On 23 September 2019, the United Nations (UN) General Assembly held the first high-level meeting dedicated to universal health coverage (UHC), under the theme of “Moving Together to Build a Healthier World”. In the resulting political declaration, world leaders strongly recommitted to achieving UHC by 2030—a necessary step to reaching the rest of the UN Sustainable Development Goals to make the world a better place. This is the latest in a series of international commitments to improve healthcare access for all, including that of G7 Health Ministers and the co-operation between the European Union and World Health Organization (WHO).
The UN declaration defines UHC as meaning that all people and communities can use the promotive, preventive, curative, rehabilitative and palliative health services they need, of sufficient quality to be effective, without being exposed to financial hardship. UHC implies a recognition of the fundamental importance of equity and social cohesion, and reiterates the importance to ensure that no one is left behind, especially those who are vulnerable, stigmatized, and/or marginalized.
This important and welcome commitment is as important in Europe as anywhere else. The UN notes the discrepancy in life expectancy globally of over 30 years between the countries with the shortest and longest life expectancies. A similar discrepancy also exists within the high-income countries of Europe. For example, studies in England and Ireland have reported a median age of death of 42–52 years among homeless people, as compared an estimated life expectancy at birth across the European Union average of 81 years. Indeed, various communities of socially excluded people, including homeless people, people who use drugs, lesbian, gay, bisexual, transgender and intersex (LGBTI) people, prisoners, sex workers and undocumented migrants are at high risk of poor health and yet among the least likely to receive healthcare. These groups face numerous educational, organisational, legal, financial and administrative barriers to accessing healthcare—and in particular commonly face stigma and discrimination.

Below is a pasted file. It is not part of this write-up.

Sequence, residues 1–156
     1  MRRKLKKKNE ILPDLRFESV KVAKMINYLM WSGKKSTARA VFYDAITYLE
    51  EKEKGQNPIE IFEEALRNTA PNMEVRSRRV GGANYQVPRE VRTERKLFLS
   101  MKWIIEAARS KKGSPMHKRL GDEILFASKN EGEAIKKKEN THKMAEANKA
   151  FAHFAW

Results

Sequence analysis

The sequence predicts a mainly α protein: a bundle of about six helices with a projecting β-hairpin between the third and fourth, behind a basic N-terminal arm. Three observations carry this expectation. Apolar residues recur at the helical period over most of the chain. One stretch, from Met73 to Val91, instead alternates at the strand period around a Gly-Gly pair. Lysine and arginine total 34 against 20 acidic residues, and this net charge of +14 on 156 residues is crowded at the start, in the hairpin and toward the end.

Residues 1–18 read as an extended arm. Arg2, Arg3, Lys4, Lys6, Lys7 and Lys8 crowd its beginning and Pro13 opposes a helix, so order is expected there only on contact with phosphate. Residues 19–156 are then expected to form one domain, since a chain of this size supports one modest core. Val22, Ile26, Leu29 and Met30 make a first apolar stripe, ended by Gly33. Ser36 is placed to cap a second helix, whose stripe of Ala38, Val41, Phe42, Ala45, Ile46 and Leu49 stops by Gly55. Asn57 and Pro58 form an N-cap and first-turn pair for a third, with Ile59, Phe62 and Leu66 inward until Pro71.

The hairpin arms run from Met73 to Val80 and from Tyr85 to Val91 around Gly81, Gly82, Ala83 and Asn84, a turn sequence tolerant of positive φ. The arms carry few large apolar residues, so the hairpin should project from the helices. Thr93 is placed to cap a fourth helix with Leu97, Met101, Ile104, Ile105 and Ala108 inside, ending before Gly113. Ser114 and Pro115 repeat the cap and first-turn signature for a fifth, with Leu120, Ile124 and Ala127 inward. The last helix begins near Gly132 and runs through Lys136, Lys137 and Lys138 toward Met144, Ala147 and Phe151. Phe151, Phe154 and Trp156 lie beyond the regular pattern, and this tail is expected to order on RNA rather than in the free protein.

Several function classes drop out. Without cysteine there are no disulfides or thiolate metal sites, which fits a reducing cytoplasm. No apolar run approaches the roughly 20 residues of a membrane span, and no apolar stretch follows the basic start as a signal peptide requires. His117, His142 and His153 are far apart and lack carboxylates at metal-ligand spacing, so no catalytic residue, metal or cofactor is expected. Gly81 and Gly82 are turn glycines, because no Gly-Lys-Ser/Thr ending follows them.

While the provision of UHC is ultimately the responsibility of national governments, international bodies can also add value. During 2019, a thematic network co-ordinated via the European Commission Health Policy Platform has focused political attention on this issue. The network has been led by the Nobody Left Outside initiative, a collective of organisations representing the aforementioned communities. The name NLO underscores that these groups are not merely at risk of being “left behind,” but to a large degree are already outside of formal healthcare systems.
On 17 October 2019, the NLO Thematic Network published a Joint Statement that calls on the new European Commission and European Parliament, and EU Member States, to take specific actions to help deliver equitable access to healthcare and support services (e.g. social, housing and legal services) to all people in Europe. These include a call to evaluate the implementation of a novel Service Design Checklist, a tool developed by NLO to help key stakeholders tailor health services to marginalized communities. This tool supports the delivery of integrated (co-located or linked) fit-for-purpose healthcare services that are community-based and people-centred. Structured according to the WHO Health Systems Framework, it provides a series of considerations encompassing service design (including accessibility, adaptation and range of services offered), health workforce issues, health information systems, medical products and technologies, financing and leadership and governance. It also resonates with the UN declaration’s commitment to accelerate the implementation of effective, high-impact, people-centred, gender-responsive and evidence-based interventions to ensure universal access to quality health services, including those that meet the needs of vulnerable groups, and its focus on primary healthcare as the foundation for achieving UHC, while strengthening an integrated and/or effective referral system for secondary and tertiary care.